Mission Moments

A shopper who visits his local eyewear company will see lots of designer brands on the shelf—Versace and Vogue, Ralph Lauren and Ray-Ban, to name a few. But that shopper will only see one Christian-themed designer brand—Eyes of Faith—and that sets it apart from the pack.

"We joke we're the largest and the smallest faith-based eye care company because no one else is doing it," Jim says. "We don't sell to Christian bookstores. We sell to eyewear companies. ... We are considered a designer line of eyewear. Everything is custom done and done by us. That's why we can sell to these independents who are looking for something unique and different in the marketplace."
He believes their position in the industry as the only faith-based company presents them with unique opportunities for "mission moments."

"There's something in a name," Jim says. "The name 'Eyes of Faith' is automatically the trigger for folks: 'Hey, what is this company about?' We want people to know more about it based on the name. But then we name our frames 'Honor,' 'Compassion' or 'Grace,' and every frame has a corresponding verse that matches the name of that frame. So when you're in an eye care professional's office and you see Eyes of Faith and pick up Honor, you read Psalm 62:7. So that in itself creates a really cool fellowship opportunity, and there's even potential for a brother or sister in Christ to pray for one another inside the optical office."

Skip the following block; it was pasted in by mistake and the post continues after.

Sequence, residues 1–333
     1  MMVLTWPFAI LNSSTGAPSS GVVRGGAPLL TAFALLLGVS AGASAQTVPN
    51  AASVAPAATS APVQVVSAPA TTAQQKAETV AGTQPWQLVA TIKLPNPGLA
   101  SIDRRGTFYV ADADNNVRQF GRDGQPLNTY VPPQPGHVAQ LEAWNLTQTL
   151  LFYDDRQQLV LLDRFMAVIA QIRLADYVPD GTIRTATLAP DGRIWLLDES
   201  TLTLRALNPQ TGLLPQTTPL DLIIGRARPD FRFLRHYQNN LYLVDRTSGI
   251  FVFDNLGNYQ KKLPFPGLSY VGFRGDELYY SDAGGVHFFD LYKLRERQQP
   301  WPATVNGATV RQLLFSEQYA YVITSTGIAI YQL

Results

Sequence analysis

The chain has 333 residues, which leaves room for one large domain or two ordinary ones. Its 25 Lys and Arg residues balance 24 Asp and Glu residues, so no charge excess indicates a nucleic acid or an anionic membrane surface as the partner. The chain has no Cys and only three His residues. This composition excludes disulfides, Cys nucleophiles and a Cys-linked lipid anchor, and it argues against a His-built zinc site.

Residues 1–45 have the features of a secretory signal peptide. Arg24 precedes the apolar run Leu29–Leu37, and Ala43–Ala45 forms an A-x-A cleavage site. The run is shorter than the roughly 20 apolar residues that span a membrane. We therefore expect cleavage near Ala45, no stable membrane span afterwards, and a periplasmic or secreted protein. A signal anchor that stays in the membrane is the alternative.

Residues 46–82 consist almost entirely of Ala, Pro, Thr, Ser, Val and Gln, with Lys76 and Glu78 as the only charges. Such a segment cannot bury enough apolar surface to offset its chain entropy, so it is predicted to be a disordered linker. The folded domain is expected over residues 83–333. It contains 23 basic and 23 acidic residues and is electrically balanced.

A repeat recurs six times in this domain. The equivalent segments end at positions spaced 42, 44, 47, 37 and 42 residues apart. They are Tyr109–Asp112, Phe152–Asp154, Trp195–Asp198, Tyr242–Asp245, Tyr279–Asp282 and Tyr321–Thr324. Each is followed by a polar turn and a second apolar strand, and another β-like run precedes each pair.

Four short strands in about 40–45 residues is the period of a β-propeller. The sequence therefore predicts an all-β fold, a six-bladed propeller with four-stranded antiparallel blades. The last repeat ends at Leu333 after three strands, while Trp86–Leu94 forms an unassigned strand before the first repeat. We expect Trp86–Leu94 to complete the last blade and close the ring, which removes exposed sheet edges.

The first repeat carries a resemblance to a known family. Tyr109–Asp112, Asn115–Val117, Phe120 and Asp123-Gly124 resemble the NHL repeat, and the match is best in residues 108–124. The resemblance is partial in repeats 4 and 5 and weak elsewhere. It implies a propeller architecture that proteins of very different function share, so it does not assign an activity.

But Eyes of Faith's true customers are not the people buying the glasses; rather, its customers are the eyewear companies. Eyes of Faith is beginning to develop a reputation for excellence and positivity within the industry. They have a continued presence at optical industry events, like the Las Vegas show where they began their company.